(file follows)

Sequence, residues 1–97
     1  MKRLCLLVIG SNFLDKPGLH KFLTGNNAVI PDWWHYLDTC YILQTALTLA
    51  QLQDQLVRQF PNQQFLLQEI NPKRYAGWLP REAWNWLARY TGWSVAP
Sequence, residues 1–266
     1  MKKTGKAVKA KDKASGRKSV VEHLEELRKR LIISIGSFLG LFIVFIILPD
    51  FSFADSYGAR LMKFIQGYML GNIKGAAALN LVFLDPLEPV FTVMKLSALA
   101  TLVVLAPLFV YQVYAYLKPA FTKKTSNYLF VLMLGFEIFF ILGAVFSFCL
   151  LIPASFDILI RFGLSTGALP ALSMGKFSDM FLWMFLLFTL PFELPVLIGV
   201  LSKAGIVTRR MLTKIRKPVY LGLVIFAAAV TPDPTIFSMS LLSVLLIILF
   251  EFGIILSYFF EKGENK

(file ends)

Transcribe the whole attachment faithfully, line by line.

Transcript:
Sequence, residues 1–97
     1  MKRLCLLVIG SNFLDKPGLH KFLTGNNAVI PDWWHYLDTC YILQTALTLA
    51  QLQDQLVRQF PNQQFLLQEI NPKRYAGWLP REAWNWLARY TGWSVAP
Sequence, residues 1–266
     1  MKKTGKAVKA KDKASGRKSV VEHLEELRKR LIISIGSFLG LFIVFIILPD
    51  FSFADSYGAR LMKFIQGYML GNIKGAAALN LVFLDPLEPV FTVMKLSALA
   101  TLVVLAPLFV YQVYAYLKPA FTKKTSNYLF VLMLGFEIFF ILGAVFSFCL
   151  LIPASFDILI RFGLSTGALP ALSMGKFSDM FLWMFLLFTL PFELPVLIGV
   201  LSKAGIVTRR MLTKIRKPVY LGLVIFAAAV TPDPTIFSMS LLSVLLIILF
   251  EFGIILSYFF EKGENK